United States of America, Plaintiff-appellee, v. Terry Wayne Dudley, Defendant-appellant, 62 F.3d 1275 (10th Cir. 1995)

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US Court of Appeals for the Tenth Circuit - 62 F.3d 1275 (10th Cir. 1995)

Aug. 8, 1995

Submitted on the Briefs:* 

Gregory G. Hough, Asst. U.S. Atty., & Randall K. Rathbun, U.S. Atty., Topeka, KS, for plaintiff-appellee.

Charles D. Dedmon, Asst. Federal Public Defender & David J. Phillips, Federal Public Defender, Topeka, KS, for defendant-appellant.

Before TACHA, LOGAN and KELLY, Circuit Judges.

PAUL KELLY, Jr., Circuit Judge.

Mr. Dudley appeals his sentence resulting from conviction of unlawful possession of a firearm and unlawful possession of ammunition by a convicted felon. 18 U.S.C. § 922(g), 924(a) (2). He also appeals from forfeiture of his $25,000 unsecured appearance bond. Our jurisdiction arises under 18 U.S.C. § 3742(a) and 28 U.S.C. § 1291. We affirm the sentence, but reverse the bond forfeiture judgment.


This case was tried to the court on stipulated facts. As part of the agreement to have the court decide the entire matter, the government agreed " [t]o not oppose a sentence at the lower end of the appropriately calculated guidelines range." I R. doc. 34 at 2. After the court announced its tentative sentence (18 months) in the middle of the appropriate Guideline range (15-21 months), the government commented that the sentence was very reasonable given the conduct involved.

Prior to sentencing, Mr. Dudley was arrested on state drug charges, possession of cocaine with intent to sell and possession of drug paraphernalia, and placed in state custody. A pretrial services officer then filed a petition for action on conditions of pretrial release and obtained an order directing Mr. Dudley to show cause why his bond should not be revoked. Still in state custody, Mr. Dudley appeared for his federal sentencing on a writ of habeas corpus ad prosequendum. Afterward, the district court revoked Mr. Dudley's bond, and also ordered his $25,000 appearance bond forfeited.

On appeal, Mr. Dudley contends that (1) the government violated its agreement with him to not oppose a sentence at the lower end of the appropriate Guideline Range, (2) the district court erred by not finding that he possessed the firearm and ammunition in question for lawful sporting purposes or for collection, U.S.S.G. Sec. 2K2.1(b) (2), and (3) the district court erred in ordering his appearance bond forfeited.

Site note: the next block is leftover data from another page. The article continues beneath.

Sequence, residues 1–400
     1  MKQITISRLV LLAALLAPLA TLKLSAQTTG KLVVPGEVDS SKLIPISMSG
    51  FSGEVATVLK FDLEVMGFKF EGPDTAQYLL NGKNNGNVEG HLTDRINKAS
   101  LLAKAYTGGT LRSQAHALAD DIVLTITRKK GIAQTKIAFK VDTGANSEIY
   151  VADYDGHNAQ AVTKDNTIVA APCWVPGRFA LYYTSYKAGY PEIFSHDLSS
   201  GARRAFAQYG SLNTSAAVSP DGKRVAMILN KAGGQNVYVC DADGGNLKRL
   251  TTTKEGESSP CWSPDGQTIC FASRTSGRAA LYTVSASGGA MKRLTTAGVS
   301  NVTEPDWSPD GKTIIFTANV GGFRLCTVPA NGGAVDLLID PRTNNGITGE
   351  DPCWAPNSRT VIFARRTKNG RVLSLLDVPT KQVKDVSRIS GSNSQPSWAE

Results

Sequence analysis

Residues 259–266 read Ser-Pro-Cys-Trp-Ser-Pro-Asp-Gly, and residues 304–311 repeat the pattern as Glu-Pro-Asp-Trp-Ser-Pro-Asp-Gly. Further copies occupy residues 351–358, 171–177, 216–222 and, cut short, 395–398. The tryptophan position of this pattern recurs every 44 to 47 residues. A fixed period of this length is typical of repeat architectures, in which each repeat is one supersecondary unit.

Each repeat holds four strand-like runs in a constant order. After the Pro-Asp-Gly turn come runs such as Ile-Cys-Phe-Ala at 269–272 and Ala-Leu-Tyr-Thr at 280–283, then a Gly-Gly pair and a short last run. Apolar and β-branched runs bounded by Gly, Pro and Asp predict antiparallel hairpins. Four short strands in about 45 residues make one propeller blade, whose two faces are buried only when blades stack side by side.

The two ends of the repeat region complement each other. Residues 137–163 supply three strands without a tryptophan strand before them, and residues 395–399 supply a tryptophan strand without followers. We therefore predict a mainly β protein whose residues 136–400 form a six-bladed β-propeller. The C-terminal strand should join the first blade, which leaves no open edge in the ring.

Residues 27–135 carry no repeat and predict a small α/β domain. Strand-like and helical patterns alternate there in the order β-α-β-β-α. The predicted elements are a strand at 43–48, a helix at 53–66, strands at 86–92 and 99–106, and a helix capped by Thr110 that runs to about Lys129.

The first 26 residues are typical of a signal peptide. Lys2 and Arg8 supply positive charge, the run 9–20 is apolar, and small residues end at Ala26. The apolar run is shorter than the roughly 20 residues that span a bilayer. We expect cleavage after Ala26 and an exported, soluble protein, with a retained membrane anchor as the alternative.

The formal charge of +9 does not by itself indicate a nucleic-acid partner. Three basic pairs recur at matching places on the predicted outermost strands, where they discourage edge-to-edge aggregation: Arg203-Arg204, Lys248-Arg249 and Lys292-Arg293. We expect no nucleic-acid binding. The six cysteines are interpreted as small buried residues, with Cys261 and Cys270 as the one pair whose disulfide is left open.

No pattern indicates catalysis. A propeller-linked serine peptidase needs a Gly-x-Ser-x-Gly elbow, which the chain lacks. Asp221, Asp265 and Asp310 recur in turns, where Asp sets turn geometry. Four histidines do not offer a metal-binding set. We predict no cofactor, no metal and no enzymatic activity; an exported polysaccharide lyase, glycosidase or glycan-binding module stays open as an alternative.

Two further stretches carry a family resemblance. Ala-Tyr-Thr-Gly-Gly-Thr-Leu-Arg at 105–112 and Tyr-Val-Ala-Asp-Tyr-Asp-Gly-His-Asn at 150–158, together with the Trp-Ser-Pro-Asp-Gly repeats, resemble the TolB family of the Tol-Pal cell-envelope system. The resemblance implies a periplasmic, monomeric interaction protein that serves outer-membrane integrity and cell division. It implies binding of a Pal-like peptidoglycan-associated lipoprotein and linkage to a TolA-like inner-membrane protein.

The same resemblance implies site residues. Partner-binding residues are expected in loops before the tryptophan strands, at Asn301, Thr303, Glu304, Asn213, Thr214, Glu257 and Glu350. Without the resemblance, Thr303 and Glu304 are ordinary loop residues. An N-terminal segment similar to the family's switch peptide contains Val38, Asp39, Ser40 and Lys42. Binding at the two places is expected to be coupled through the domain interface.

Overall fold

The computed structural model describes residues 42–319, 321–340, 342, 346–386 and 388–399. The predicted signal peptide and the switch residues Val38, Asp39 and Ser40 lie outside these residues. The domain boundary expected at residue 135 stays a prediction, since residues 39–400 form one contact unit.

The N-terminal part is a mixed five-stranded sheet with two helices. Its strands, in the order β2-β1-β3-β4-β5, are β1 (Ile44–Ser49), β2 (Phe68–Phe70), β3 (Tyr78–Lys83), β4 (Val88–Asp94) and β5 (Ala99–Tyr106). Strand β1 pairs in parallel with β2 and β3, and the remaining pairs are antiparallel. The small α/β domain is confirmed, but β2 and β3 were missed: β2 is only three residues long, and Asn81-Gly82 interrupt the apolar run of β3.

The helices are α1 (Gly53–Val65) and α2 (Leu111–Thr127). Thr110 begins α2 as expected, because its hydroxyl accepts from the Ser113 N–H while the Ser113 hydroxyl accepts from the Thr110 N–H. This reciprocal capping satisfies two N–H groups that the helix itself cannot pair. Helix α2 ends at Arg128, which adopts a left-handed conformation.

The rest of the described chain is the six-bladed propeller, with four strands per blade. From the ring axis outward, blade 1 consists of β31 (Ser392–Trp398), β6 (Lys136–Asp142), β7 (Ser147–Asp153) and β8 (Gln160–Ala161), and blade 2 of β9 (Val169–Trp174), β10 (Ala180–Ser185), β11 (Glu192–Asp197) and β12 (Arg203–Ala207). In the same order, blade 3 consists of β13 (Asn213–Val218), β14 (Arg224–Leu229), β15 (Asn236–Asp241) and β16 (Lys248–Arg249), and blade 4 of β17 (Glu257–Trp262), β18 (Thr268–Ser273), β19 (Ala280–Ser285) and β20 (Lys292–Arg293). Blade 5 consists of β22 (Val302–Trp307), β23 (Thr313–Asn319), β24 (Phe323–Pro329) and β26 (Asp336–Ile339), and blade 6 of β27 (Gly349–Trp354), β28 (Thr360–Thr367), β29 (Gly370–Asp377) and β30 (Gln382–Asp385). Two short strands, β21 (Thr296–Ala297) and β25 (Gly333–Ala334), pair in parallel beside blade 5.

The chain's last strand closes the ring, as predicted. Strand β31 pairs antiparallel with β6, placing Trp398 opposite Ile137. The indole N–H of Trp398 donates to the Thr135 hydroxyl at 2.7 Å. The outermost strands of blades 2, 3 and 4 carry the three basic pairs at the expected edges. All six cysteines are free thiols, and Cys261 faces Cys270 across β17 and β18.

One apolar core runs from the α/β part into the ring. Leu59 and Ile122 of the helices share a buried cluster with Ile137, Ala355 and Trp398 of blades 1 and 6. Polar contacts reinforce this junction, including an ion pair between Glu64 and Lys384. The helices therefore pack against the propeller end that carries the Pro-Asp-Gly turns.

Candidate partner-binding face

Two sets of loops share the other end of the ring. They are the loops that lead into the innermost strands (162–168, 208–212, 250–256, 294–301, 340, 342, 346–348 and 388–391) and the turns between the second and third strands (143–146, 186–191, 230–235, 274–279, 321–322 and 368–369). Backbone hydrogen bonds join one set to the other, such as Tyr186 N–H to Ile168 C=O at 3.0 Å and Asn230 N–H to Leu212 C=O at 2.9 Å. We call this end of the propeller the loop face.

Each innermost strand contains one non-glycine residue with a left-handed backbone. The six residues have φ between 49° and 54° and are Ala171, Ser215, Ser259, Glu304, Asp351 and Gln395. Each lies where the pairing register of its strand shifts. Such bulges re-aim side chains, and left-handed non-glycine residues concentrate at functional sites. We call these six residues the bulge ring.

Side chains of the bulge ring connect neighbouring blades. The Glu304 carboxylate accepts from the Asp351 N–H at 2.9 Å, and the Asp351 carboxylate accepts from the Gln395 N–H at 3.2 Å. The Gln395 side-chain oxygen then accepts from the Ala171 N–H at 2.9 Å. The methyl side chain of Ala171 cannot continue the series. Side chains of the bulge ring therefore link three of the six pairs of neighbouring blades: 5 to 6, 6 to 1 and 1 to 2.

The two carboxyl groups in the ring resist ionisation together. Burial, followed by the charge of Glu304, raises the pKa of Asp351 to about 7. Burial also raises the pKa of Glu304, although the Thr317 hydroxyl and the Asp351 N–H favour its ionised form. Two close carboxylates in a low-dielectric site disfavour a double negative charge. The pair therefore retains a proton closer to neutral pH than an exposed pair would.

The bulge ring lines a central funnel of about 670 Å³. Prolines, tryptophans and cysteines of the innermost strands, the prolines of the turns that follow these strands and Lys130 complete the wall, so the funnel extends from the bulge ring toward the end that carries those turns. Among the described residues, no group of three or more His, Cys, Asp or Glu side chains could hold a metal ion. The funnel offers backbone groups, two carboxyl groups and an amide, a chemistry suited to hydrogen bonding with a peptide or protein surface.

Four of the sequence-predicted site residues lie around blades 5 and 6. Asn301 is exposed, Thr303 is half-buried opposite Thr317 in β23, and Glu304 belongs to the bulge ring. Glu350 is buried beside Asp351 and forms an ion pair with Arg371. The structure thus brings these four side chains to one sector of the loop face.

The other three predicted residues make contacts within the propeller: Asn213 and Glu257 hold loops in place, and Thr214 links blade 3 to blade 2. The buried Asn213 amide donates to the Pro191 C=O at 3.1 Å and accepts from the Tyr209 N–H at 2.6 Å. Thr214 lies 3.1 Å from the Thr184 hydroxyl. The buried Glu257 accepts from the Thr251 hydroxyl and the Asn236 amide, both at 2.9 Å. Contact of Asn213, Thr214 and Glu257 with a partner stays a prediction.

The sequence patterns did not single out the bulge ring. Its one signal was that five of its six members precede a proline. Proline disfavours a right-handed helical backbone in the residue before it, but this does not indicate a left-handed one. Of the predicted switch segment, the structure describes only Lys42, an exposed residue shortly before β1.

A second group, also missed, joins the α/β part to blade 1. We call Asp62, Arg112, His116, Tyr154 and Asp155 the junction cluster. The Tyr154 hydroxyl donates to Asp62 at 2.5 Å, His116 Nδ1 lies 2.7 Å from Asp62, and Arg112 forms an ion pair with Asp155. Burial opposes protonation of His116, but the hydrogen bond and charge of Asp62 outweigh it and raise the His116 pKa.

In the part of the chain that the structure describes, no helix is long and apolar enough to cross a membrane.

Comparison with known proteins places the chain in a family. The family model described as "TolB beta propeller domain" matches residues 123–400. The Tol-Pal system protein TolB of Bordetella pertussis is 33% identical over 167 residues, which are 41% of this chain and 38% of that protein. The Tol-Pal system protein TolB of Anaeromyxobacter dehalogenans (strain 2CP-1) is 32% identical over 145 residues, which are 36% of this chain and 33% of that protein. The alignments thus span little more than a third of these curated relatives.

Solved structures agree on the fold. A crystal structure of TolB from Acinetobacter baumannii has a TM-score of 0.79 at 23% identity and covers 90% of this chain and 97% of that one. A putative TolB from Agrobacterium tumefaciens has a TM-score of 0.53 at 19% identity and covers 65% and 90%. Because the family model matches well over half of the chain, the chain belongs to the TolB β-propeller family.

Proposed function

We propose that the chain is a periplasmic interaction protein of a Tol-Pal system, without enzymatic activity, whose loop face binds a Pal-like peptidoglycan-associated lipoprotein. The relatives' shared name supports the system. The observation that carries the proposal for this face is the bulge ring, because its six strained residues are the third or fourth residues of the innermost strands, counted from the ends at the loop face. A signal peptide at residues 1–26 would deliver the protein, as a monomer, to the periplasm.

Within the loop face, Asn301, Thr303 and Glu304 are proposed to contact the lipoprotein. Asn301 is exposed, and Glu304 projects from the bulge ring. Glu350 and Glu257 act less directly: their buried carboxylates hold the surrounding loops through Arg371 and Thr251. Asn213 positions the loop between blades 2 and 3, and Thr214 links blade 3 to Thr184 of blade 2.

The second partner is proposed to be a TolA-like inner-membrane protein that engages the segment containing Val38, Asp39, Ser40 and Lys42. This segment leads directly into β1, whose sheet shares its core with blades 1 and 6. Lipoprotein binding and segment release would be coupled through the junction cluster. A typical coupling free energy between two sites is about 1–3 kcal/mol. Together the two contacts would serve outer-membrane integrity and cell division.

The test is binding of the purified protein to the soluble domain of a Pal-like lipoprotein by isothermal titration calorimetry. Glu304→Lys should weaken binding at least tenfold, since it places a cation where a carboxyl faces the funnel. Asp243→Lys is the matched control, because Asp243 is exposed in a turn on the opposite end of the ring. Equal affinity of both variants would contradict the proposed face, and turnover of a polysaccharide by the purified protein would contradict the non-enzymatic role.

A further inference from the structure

We review claims that the government has breached a plea agreement against a backdrop of a defendant's reasonable understanding. Allen v. Hadden, 57 F.3d 1529, 1534-36 (10th Cir. 1995). Our review is de novo. United States v. Robertson, 45 F.3d 1423, 1442 (10th Cir.), cert. denied, --- U.S. ----, ----, 115 S. Ct. 2258, 2259, 132 L. Ed. 2d 265 (1995). Although the district court indicated that the prosecutor's comments had no influence on the sentence, this would not preclude a remedy if a breach occurred. Santobello v. New York, 404 U.S. 257, 262-63, 92 S. Ct. 495, 498-99, 30 L. Ed. 2d 427 (1971).

This is not a case in which the government promised not to make a recommendation concerning sentencing, and then made one. See id. at 262, 92 S. Ct. at 498-99 (plea agreement breached). Rather, the government, in response to the court's announcement of a tentative sentence, indicated its agreement to either a sentence at the low end or the court's selection at the midpoint. At most, the government made a very equivocal recommendation by commenting on the court's sentence, but at no time did it oppose a sentence at the lower end of the range.